This story was originally published by the WND News Center.
The National Archives has agreed not to target pro-life Americans who visit the public institution.
The statement is part of consent order and preliminary injunction in a lawsuit that charges the Archives deliberately discriminated against visitors of faith.
According to the American Center for Law and Justice, which filed the case against the Archives, a consent order in the case states, "Defendants, their officers, successors in office, employees, and agents are PRELIMINARILY ENJOINED from prohibiting visitors from wearing t-shirts, hats, buttons, etc., that display . . . religious and political speech."
The ACLJ said the statement was part of its efforts to assure that those people who earlier faced discrimination at the Archives could return and not be given the same treatment.
The lawsuit is over the institution's decision to target visitors over their pro-life statements on the day of the March for Life.
"While our clients were required to remove their pro-life clothing, other visitors to the museum wearing pro-choice apparel freely toured the Archives and were not harassed by museum security and staff," the ACLJ said. "As we explain in our complaint, 'Defendants’ restriction on Plaintiffs’ speech is . . . a concerted effort to single out, embarrass, intimidate, exclude, and ultimately silence the message expressed by Plaintiffs in wearing their 'pro-life' clothing and other attire' and is a clear 'violation of the Free Speech Clause of the First Amendment.'"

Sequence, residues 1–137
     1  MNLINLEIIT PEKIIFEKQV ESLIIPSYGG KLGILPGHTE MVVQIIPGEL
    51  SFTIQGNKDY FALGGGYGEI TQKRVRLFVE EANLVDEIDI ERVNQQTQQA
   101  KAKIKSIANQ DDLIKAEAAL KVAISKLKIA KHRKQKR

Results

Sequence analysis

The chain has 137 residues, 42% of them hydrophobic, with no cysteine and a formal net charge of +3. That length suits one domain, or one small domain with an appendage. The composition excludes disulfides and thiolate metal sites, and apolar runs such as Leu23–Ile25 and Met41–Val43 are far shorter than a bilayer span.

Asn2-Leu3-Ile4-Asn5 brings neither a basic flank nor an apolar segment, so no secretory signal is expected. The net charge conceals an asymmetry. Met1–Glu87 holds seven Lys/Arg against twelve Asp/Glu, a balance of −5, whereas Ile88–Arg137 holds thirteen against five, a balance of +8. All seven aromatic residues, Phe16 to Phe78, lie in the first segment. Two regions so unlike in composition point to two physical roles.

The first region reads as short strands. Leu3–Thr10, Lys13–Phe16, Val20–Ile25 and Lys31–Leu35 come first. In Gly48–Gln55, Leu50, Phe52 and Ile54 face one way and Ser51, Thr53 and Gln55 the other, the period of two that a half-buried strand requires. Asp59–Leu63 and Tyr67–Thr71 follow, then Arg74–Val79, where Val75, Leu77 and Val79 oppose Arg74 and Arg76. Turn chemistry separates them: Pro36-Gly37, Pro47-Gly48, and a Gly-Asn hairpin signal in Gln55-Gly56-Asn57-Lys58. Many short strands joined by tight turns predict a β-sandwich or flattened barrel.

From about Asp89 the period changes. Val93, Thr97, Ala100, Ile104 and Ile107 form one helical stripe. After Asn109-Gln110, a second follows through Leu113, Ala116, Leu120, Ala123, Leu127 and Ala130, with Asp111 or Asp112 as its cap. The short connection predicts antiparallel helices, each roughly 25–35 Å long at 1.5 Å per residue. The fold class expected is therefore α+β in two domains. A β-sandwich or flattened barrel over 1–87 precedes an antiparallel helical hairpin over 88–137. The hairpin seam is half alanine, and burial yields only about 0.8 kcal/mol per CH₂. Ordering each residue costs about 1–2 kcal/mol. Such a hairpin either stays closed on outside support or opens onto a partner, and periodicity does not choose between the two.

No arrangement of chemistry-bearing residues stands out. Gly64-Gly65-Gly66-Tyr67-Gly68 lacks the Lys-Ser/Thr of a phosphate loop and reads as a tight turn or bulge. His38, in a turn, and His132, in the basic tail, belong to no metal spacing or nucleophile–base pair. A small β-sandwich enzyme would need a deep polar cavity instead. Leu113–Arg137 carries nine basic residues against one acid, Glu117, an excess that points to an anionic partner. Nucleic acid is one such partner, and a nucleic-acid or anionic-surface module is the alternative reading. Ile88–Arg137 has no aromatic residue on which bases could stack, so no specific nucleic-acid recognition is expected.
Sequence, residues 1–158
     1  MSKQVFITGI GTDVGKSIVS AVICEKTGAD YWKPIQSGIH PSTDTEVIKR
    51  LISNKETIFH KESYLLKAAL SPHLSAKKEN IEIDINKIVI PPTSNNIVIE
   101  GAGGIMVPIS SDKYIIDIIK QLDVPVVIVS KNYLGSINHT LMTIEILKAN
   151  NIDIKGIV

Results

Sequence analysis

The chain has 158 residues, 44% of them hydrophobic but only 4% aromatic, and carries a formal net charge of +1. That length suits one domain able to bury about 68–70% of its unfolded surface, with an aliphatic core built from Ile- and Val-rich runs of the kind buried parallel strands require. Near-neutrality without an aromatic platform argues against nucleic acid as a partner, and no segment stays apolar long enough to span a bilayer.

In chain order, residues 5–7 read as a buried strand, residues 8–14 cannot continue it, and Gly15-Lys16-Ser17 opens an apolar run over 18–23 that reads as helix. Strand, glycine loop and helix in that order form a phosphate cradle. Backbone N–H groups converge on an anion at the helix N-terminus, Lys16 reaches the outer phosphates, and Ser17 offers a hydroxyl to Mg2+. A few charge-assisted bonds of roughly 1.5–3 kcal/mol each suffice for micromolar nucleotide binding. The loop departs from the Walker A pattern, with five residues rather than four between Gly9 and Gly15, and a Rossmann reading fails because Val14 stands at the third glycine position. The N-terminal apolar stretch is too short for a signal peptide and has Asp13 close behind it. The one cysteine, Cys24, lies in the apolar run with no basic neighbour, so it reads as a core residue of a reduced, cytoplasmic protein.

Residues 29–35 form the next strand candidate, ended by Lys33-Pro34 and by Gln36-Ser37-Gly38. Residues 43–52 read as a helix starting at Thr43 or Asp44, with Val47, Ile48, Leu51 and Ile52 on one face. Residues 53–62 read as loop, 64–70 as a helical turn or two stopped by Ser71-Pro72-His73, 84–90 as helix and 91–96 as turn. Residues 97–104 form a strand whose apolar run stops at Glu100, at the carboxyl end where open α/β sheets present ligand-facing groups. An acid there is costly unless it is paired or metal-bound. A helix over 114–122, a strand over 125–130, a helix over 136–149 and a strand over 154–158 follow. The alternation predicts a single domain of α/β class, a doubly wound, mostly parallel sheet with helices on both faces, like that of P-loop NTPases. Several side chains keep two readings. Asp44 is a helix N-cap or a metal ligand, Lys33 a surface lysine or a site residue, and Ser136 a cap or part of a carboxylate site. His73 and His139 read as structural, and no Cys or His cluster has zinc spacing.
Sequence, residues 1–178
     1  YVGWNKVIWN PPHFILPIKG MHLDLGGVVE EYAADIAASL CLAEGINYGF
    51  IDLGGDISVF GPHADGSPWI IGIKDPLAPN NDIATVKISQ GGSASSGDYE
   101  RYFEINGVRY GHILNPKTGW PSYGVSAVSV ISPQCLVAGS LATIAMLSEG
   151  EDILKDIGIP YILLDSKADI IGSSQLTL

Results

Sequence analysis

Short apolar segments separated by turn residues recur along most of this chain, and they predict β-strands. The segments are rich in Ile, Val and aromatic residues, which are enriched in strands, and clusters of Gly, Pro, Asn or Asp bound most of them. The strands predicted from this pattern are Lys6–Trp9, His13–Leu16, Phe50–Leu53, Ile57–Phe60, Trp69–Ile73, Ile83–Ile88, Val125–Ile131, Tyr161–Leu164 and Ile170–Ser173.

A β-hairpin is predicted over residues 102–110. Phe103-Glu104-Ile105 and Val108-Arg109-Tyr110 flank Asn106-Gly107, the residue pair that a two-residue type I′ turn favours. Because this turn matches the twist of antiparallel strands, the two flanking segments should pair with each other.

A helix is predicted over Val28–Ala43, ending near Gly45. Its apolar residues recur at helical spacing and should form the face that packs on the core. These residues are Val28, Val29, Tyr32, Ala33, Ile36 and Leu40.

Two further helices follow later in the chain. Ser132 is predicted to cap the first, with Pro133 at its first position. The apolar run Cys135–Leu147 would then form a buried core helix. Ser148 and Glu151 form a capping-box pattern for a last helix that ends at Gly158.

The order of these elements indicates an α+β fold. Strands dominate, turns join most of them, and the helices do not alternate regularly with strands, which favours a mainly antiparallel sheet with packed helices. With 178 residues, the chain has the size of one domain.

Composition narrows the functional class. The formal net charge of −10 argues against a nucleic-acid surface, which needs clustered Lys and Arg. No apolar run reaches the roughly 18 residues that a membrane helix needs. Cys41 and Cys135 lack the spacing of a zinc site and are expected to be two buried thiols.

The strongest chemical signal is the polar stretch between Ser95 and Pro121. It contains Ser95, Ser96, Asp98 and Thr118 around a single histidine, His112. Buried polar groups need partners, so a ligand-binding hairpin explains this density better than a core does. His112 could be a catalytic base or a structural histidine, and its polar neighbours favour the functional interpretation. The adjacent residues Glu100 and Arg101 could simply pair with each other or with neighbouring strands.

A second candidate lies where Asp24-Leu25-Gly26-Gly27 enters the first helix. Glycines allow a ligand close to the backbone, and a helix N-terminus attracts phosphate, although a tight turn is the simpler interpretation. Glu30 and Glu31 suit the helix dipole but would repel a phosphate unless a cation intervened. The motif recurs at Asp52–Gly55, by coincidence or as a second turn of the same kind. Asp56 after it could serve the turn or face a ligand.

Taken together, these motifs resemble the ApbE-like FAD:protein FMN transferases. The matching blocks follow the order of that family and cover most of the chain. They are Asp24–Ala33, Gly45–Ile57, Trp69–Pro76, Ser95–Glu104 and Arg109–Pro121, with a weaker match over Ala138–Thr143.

The ACLJ said the consent order isn't the end of the case, and in the weeks ahead the organization will demand answers "on how and why such a clear violation of our client’s rights occurred and who all was involved in the decision to target pro-life visitors."
WND recently reported on the case against the Archives, which followed an earlier, and similar, set of claims made against the Smithsonian for its decision to ban a class of students who were in town for the annual March for Life, and wore pro-life stocking caps to be able to identify each other in a crowd.
The ACLJ said, "It's outrageous, but sadly, it's not shocking. The National Archives Museum – another federally funded national museum in Washington, D.C. – targeted and censored its religious, pro-life visitors on January 20, 2023, – the day of the 50th annual National March for Life. What is so egregious about this particular targeting is that it was done by the very federal institution that is home to our Declaration of Independence, our Constitution, and the Bill of Rights – the exact documents that call on our government to protect the freedoms of speech and religion, not trample on them."
Archives employees are accused of telling visitors their Christian statements on clothing would "incite" others.
The complaint was filed in federal court in Washington and alleges free speech violations of the First Amendment, equal protection violations of the Fifth Amendment, and more.
As reported, the ACLJ earlier sued the Smithsonian Air and Space Museum for similar offenses.
There, officials demanded students wearing pro-life stocking caps be removed.
The students were in Washington D.C. on Jan 20. March for Life and visited the museum after the march, where they were reportedly berated by employees and told they must remove their hats with the words “Rosary Pro-Life” or leave.
One staff member told the students their hats were “political statements” that did not promote equality, claiming the museum is “a neutral zone” where the First Amendment “does not apply”— despite other visitors similarly wearing expressive statements on their attire, such as pride masks, according to the case filing.